“I review each death penalty case and believe it is an appropriate punishment for heinous crimes,” Lee said in a statement. “However, the death penalty is an extremely serious matter, and I expect the Tennessee Department of Correction to leave no question that procedures are correctly followed.”

For years, attorneys have demonstrated that the drugs used in Tennessee’s lethal injection protocol risk a torturous and unconstitutional execution. Tennessee also relies on correctional staff, without medical training, to oversee this process. The fact that there was an issue on April 21 is a predictable result of such a flawed process and only emphasizes the the depth of the problems with this protocol.

TADP is deeply grateful to Governor Lee for his leadership and recognition that the investigation into the protocol must be independent, transparent, and thorough. This is the right thing to do.

And, if Tennesseans truly want to embrace a culture of life, we should go a step further. We should reject the false narrative that the death penalty makes us safer or provides justice. Instead we should focus our energy and resources on healing and crime prevention. We should invest in trauma informed solutions that focus on accountability, mental health, and early intervention to prevent crime. We should get victims of violence and surviving families of murder victims the help that they need to heal so that their healing isn’t reliant on what happens to the people who’ve caused them harm. 

During this pause on executions as the lethal injection protocols are reviewed, Tennesseans must reexamine our continued reliance on a policy that is failing to prevent future violence, failing to address the needs of those who have been harmed, and failing to make us safer.

Read more about Governor Lee’s decision.

Honoring Life This Springtime

In nature, springtime is ripe with possibility. Trees bud, buttercups bloom, temperatures warm, and life comes alive.

This spring, In sharp contrast to the season, states like Texas and Tennessee schedule death. They “schedule” death, as if an execution is simply another appointment on a calendar like getting a haircut or going to a PTA meeting.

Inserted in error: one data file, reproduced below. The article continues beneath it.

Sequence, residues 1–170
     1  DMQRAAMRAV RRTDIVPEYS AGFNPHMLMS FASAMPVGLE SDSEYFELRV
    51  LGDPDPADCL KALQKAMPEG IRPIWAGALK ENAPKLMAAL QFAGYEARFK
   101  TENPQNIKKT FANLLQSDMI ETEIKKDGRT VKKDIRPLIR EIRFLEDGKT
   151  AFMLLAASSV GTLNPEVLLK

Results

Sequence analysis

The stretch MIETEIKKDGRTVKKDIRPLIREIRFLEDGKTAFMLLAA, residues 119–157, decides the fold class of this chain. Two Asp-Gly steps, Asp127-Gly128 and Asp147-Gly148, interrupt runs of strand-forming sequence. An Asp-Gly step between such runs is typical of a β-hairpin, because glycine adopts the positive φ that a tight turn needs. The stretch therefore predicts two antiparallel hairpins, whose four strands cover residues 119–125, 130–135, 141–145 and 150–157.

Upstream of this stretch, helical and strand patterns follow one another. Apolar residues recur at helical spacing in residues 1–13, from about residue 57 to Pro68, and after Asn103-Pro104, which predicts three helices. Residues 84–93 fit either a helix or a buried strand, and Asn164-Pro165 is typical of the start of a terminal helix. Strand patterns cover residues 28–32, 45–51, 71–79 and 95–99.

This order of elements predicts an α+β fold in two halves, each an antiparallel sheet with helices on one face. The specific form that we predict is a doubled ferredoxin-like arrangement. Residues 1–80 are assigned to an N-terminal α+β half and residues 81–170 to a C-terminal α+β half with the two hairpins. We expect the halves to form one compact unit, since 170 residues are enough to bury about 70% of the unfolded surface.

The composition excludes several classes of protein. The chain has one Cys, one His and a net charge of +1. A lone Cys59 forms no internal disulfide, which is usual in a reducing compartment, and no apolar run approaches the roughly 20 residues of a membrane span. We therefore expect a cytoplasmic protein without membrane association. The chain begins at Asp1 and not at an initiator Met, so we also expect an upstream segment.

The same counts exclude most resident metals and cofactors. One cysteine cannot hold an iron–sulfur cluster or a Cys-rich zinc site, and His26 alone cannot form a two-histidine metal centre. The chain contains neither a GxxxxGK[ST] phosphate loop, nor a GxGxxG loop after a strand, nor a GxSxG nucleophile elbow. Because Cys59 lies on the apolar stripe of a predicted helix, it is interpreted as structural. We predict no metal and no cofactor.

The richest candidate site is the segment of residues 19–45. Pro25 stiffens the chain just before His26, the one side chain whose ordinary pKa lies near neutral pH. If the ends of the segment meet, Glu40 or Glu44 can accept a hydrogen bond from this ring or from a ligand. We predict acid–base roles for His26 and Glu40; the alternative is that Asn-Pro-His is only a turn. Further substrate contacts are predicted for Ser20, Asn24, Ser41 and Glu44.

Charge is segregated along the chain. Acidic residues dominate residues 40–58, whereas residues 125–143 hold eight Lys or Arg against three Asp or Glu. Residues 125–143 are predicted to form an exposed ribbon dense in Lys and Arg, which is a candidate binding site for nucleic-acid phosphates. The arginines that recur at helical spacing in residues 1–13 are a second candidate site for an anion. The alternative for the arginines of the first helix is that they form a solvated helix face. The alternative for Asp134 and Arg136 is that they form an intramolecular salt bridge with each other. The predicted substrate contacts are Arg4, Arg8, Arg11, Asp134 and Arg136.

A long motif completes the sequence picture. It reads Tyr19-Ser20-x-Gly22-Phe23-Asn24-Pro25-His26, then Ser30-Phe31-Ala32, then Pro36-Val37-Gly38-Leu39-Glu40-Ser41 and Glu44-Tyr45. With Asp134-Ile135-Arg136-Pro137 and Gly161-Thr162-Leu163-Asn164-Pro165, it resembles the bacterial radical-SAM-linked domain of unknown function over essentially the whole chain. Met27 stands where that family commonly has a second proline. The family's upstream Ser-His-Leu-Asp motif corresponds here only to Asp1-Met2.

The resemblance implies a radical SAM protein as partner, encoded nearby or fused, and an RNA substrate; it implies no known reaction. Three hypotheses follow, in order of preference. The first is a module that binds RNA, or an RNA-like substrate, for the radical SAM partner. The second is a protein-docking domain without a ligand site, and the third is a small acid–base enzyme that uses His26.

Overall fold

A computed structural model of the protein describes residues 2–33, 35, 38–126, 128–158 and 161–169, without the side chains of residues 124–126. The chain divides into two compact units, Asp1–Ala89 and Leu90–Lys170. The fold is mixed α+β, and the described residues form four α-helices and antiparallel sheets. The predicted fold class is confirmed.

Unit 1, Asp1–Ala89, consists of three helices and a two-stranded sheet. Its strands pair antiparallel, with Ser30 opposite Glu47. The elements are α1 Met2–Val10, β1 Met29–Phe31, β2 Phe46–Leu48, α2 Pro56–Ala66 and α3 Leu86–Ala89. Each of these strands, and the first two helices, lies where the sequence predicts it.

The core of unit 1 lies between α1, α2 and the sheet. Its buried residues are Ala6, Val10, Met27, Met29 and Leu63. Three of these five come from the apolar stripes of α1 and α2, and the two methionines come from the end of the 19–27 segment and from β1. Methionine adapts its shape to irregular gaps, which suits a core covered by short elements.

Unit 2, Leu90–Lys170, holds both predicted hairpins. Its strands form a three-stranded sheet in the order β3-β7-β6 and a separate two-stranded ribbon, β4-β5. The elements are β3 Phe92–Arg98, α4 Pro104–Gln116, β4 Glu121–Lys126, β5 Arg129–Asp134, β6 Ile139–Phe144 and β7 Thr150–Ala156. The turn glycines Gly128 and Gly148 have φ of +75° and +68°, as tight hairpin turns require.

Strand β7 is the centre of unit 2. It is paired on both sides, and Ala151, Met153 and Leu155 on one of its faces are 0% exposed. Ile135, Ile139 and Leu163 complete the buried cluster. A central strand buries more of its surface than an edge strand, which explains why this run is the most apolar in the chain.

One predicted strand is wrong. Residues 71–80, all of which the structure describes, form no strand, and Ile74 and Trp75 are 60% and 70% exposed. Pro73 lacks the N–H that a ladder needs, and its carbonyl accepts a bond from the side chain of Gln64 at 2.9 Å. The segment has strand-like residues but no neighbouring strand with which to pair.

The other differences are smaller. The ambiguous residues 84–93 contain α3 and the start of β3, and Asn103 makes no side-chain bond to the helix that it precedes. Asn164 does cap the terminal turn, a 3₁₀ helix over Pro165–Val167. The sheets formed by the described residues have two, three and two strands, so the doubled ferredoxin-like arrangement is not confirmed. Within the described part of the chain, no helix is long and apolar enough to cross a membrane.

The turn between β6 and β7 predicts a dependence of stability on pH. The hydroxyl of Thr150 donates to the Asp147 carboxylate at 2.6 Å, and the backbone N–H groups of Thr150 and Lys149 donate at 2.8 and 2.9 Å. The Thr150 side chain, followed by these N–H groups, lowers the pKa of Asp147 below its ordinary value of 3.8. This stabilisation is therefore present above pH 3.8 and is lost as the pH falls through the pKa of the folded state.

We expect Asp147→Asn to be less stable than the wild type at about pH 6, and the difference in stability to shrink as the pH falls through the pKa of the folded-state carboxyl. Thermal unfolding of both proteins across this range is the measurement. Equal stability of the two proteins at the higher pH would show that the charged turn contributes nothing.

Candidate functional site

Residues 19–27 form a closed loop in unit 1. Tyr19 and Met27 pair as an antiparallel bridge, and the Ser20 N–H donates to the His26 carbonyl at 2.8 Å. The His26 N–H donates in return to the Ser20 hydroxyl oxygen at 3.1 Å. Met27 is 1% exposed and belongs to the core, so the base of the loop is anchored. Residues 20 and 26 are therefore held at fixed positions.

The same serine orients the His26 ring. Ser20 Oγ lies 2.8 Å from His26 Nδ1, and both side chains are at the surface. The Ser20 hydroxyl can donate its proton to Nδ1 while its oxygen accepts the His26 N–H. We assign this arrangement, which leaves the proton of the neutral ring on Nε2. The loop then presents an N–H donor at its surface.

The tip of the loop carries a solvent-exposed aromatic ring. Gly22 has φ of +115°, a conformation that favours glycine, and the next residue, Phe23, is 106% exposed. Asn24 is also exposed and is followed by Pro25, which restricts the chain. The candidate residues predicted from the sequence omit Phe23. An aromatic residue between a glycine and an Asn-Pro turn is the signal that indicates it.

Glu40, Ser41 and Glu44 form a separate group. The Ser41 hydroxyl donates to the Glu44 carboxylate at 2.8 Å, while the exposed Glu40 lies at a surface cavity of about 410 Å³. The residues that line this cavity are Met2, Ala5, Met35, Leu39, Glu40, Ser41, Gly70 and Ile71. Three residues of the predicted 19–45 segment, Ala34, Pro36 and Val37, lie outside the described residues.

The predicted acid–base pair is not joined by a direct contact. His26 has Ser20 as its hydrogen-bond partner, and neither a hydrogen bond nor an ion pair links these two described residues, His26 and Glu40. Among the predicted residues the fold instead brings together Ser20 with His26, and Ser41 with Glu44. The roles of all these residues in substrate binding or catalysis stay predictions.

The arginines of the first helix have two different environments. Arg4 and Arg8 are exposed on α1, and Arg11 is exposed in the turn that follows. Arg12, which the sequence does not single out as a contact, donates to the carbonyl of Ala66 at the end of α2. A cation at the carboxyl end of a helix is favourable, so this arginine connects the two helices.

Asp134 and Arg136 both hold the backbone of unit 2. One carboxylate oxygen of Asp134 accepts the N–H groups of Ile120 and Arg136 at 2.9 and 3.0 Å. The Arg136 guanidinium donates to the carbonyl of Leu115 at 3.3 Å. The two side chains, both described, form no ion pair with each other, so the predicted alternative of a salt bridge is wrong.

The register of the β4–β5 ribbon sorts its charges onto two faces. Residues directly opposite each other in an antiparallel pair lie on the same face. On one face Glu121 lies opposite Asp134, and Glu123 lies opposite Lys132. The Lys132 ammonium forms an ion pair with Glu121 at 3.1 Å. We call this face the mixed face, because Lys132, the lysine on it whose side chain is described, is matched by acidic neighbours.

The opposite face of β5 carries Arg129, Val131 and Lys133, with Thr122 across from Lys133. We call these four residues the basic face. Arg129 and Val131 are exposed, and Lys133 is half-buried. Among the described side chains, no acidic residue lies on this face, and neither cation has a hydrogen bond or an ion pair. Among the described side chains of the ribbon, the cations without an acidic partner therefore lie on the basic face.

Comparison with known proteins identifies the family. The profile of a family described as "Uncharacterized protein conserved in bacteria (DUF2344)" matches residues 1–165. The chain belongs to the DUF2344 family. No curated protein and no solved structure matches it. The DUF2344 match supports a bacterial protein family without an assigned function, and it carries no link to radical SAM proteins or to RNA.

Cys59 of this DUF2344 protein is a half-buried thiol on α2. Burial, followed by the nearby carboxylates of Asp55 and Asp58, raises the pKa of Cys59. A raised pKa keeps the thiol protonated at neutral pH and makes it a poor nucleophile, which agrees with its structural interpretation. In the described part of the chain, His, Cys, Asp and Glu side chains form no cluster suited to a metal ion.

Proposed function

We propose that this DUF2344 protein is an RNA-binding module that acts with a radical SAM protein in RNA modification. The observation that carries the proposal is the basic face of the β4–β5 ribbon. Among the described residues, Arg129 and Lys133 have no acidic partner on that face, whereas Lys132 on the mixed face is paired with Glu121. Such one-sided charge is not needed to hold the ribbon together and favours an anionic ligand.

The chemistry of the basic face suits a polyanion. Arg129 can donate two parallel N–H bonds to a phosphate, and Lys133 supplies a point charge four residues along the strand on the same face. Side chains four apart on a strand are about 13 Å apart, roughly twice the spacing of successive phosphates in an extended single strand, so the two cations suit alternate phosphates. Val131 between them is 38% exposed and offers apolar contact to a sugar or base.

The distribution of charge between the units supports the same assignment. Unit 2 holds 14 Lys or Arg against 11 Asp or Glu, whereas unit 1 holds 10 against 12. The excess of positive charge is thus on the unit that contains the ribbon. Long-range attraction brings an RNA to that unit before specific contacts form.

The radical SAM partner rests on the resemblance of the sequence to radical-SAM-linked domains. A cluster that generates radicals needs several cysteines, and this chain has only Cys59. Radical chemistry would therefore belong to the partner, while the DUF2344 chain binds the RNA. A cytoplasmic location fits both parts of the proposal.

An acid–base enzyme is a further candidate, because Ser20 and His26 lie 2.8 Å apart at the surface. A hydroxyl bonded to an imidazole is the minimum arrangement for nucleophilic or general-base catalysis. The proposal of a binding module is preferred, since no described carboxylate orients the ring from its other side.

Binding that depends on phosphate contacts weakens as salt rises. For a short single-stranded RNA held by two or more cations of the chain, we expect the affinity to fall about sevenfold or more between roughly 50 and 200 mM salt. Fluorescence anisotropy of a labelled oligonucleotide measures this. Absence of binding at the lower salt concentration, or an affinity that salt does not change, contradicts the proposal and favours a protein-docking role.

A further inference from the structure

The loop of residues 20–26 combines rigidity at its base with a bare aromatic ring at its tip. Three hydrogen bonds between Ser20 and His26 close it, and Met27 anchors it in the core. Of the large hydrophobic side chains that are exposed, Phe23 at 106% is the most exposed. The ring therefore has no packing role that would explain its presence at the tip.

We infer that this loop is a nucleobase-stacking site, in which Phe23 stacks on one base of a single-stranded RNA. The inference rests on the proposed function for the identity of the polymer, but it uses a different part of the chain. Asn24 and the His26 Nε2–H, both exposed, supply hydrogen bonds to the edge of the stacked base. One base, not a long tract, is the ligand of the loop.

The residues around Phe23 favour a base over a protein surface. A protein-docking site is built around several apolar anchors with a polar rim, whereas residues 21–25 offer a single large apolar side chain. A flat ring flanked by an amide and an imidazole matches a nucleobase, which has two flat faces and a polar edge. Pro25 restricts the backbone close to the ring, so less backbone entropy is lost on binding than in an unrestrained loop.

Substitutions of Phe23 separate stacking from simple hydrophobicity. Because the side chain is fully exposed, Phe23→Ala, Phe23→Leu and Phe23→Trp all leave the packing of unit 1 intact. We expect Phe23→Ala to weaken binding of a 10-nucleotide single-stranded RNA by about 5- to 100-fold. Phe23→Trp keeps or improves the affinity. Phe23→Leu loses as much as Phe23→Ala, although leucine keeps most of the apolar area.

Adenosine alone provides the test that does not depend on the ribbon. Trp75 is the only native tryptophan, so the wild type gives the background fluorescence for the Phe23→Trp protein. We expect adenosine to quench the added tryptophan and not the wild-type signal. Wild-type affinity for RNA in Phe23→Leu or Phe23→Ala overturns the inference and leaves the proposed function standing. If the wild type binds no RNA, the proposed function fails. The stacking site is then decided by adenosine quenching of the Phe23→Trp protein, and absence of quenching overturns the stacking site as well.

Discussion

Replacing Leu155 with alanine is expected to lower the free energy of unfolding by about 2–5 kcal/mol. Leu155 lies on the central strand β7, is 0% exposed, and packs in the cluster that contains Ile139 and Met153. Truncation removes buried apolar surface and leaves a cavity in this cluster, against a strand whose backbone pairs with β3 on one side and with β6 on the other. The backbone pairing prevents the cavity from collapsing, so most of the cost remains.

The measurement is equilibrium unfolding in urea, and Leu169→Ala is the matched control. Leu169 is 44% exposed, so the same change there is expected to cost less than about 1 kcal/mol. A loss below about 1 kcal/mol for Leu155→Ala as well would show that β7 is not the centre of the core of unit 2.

Texas has scheduled the execution of Melissa Lucio for April 27, only 20 days from this posting. Ms. Lucio faces execution for a crime that almost certainly never happened. In 2008, she was sentenced to death for the murder of her 2-year-old daughter Mariah, who died tragically two days after accidentally falling down a flight of stairs. Ms. Lucio was taken into custody and blamed for her child’s death. According to the Innocence Project:

Detectives jumped to judgment and just two hours after Mariah died, took Ms. Lucio in for questioning. During the interrogation, officers berated and intimidated Ms. Lucio, who was pregnant and in shock from the loss of her child, for five hours. Research has shown that survivors of sexual abuse and violence, like Ms. Lucio, are more vulnerable to falsely confessing under such coercive conditions. And experts who have reviewed Ms. Lucio’s case, including reviewed her interrogation records, have concluded that Ms. Lucio “was relentlessly pressured and extensively manipulated” during the interrogation. At 3 a.m., Ms. Lucio said, “I guess I did it,” at 3 a.m. to get the officers to end the interrogation. Her statement was then misconstrued as a confession.